We are getting better and better at the blame-game, anxiety, complaints and arguments. Those pointing fingers are growing longer and longer. “It is Germany’s fault… it is Brussels’s fault… it is those Eastern Europeans who want the benefits of EU, but not sharing its burdens…”

As a European, who spends a lot of time outside of Europe, I have noticed that outsider’s  perception of Europe is changing. Our reputation as the region of stability, peace, hospitality,  solidarity, compassion, rule of law, social justice, humanitarian values is suffering. Here I am addressing the failures of Thailand and other Southeast Asian nations in their treatment of refugees and asylum seekers, and now the spotlight is on my own nation and region.

Not that I am worried about our “moral high ground”. All of us have fallen short in so many ways. Still, I am privileged and blessed to be a European and I do not take for granted the good life we can enjoy. I have been to too many places around the world where people just cannot understand how Europeans can be so ungrateful for what they have.

We, Europeans, are very very privileged and one of our big problems is trying to deny, ignore or downplay it. We are the ‘rich club’ of the world. I remember some of the conversations in my own family. My mom who was definitely in the category of ‘lower social status’, would say, “I am ‘poor’ compared to rich Latvians, but I am very rich compared to people you visit and help.” And she was not talking about money and things only. She was talking about safety, security, healthcare, roof over her head, beautiful country, loving family around her… ‘Man does not live on bread alone’, right?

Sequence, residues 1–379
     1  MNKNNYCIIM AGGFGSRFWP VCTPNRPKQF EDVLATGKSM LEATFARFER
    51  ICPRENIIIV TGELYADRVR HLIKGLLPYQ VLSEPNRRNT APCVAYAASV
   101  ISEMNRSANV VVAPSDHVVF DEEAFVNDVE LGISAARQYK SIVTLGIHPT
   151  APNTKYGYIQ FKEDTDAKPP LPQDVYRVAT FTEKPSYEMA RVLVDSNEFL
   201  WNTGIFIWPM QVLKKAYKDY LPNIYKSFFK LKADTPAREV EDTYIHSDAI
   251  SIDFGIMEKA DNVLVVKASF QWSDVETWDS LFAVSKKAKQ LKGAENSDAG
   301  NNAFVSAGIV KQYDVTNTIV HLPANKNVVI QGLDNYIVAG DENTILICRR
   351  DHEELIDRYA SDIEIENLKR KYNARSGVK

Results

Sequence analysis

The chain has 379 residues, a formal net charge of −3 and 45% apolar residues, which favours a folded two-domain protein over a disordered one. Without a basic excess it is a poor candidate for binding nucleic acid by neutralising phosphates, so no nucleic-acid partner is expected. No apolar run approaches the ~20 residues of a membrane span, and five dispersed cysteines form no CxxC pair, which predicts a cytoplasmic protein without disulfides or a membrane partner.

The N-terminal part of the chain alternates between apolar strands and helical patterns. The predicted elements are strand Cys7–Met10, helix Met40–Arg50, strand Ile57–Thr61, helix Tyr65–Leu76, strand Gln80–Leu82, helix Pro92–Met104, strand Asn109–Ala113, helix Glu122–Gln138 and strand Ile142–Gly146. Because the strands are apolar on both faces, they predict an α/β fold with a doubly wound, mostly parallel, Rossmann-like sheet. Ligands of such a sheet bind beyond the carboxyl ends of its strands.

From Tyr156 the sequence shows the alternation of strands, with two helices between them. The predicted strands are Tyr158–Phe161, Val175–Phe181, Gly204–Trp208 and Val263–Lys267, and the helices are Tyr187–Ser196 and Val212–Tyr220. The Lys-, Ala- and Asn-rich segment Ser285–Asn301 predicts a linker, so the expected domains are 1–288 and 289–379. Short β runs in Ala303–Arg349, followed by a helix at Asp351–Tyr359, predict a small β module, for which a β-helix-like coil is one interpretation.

Another personal example – I received a last-minute invitation to attend a conference in Germany next week. I had to make a decision very fast and within one hour I had an airline ticket, registration for the conference, information about train times to get me from Lubeck to Hannover… As I was falling asleep last night, I was thinking to myself, “This is incredible. I don’t need a visa for Germany; I just had the money for this trip; I speak English and even some German and will not feel lost traveling by trains. This will be a good trip.” How many people around the world would love to be in my shoes!

But there are problems with this good life and too often it comes at the expense of others. “The world has enough for everyone’s need, but not enough for everyone’s greed.” Wise words by Gandhi. I could say a lot but another time.

I want to encourage those of us who feel like we don’t have enough or feel threatened that those ‘immigrants’ or someone else from outside will take this good life away. That we will have share our goods and privileges with someone. We have more than enough, but we act like we don’t. Many of my friends around the world feel ‘poor’ compared to Latvians. Latvians feel ‘poor’ compared to British. British may feel ‘poor’ compared to Norwegians. Hmm, who can Norwegians compare themselves with?

I guess, Norwegians are the most grateful and therefore the most generous and welcoming people in the world! Are they? Are we?

Klaipeda 10

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